Soc. That it is without a doubt, Ischomachus. It seems I must have known the processes of sowing, without being conscious of my knowledge.377
359 Lit. “(on the side) where the wind blows or right opposite.”
360 i.e. “with particles of straw and beards of corn blowing in one’s face.”
361 See Holden ad loc.; Sir Anthony Fitzherbert, “Husbandry,” 27 (ed. 1767), “In Somersetshire . . . they do share theyr wheate very lowe . . . .”
362 Lit. “will be spared superfluous labour on what they do not want.”
363 Al. “if burnt down . . .; if laid on as manure . . .”
364 “Help to swell the bulk” (Holden). For the custom see Virg. “Georg.” i. 84; J. Tull, op. cit. ix. 141: “The custom of burning the stubble on the rich plains about Rome continues to this time.”
365 Holden cf. Dr. Davy, “Notes and Observations on the Ionian Islands.” “The grain is beaten out, commonly in the harvest field, by men, horses, or mules, on a threshing-floor prepared extempore for the purpose, where the ground is firm and dry, and the chaff is separated by winnowing.”— Wilkinson, “Ancient Egyptians,” ii. 41 foll.
366 See Varro, i. 52, as to tritura and ventilatio.
367 Or, “to the over-threshers,” “the drivers” (Holden).
368 Breit. cf. Colum. “de r. r.” ii. 10, 14, 21; vide Rich, s.v. ventilabrum.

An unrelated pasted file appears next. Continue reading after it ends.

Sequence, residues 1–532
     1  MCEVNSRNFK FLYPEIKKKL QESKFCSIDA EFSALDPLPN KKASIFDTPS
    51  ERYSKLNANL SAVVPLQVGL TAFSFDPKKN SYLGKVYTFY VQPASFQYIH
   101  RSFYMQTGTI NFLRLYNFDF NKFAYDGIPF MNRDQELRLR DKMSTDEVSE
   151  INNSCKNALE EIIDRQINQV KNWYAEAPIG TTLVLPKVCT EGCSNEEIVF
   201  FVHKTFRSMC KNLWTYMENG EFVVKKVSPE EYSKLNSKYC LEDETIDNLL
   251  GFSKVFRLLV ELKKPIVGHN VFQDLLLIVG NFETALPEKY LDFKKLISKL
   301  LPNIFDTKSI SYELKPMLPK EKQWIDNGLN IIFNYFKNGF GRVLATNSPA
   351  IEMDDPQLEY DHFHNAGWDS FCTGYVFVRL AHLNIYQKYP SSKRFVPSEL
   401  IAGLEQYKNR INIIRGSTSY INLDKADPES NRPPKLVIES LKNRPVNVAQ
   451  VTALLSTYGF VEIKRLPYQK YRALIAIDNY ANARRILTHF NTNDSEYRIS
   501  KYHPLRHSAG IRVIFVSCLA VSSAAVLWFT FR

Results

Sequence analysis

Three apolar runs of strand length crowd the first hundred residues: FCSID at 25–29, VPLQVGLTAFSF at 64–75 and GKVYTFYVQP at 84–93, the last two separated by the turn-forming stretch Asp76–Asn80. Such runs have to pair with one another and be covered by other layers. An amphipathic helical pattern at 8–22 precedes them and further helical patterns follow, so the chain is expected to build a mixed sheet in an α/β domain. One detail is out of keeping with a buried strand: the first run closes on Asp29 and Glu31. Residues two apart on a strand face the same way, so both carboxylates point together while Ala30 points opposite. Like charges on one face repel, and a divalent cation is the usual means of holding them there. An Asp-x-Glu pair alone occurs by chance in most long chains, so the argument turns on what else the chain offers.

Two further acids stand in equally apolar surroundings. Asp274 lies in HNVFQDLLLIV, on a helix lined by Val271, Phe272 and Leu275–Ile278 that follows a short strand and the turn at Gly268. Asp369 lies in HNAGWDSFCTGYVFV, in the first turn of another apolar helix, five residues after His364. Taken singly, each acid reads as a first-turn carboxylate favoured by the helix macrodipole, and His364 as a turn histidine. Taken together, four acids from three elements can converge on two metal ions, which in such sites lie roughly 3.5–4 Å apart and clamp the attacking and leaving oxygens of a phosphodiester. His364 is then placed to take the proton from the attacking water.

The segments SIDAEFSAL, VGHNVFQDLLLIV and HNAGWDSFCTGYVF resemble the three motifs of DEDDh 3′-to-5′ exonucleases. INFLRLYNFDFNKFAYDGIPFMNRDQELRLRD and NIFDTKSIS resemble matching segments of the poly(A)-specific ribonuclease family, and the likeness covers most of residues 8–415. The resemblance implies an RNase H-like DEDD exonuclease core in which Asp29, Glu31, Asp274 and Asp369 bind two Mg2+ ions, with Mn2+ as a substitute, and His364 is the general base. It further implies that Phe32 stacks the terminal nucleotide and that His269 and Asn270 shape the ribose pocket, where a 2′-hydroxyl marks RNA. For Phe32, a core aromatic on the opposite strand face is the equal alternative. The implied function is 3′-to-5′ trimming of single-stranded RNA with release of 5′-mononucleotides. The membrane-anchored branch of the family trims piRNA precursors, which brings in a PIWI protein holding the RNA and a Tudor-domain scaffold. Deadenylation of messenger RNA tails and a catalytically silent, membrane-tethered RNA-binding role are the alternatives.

369 Lit. “it is a long space for the chaff to be carried.” Al. (1) “It is of great consequence the chaff should be carried beyond the corn.” (2) “It often happens that the corn is blown not only on to the corn, but over and beyond it into the empty portion of the threshing-floor.” So Breit.
370 Or, “on the side of the threshing-floor opposite the wind.” Al. “protected from the wind.”
371 A hollowed-out portion of the threshing-floor, according to Breitenbach.
372 Lit. “of the chaff,” where we should say “corn,” the winnowing process separating chaff from grain and grain from chaff.
373 If that is the meaning of ton polon. Al. “the outer edge or rim of the threshing-floor.”
374 Or, “the same chaff (i.e. unwinnowed corn, Angl. corn) twice.”
375 Lit. “After all, Socrates, it seems you could even teach another how to purge his corn most expeditiously.”
376 Lit. “all this while, I am thinking whether . . .”
377 Or, “but for all my science, I was ignorant (of knowing my own knowledge).”
Last updated Monday, December 22, 2014 at 10:56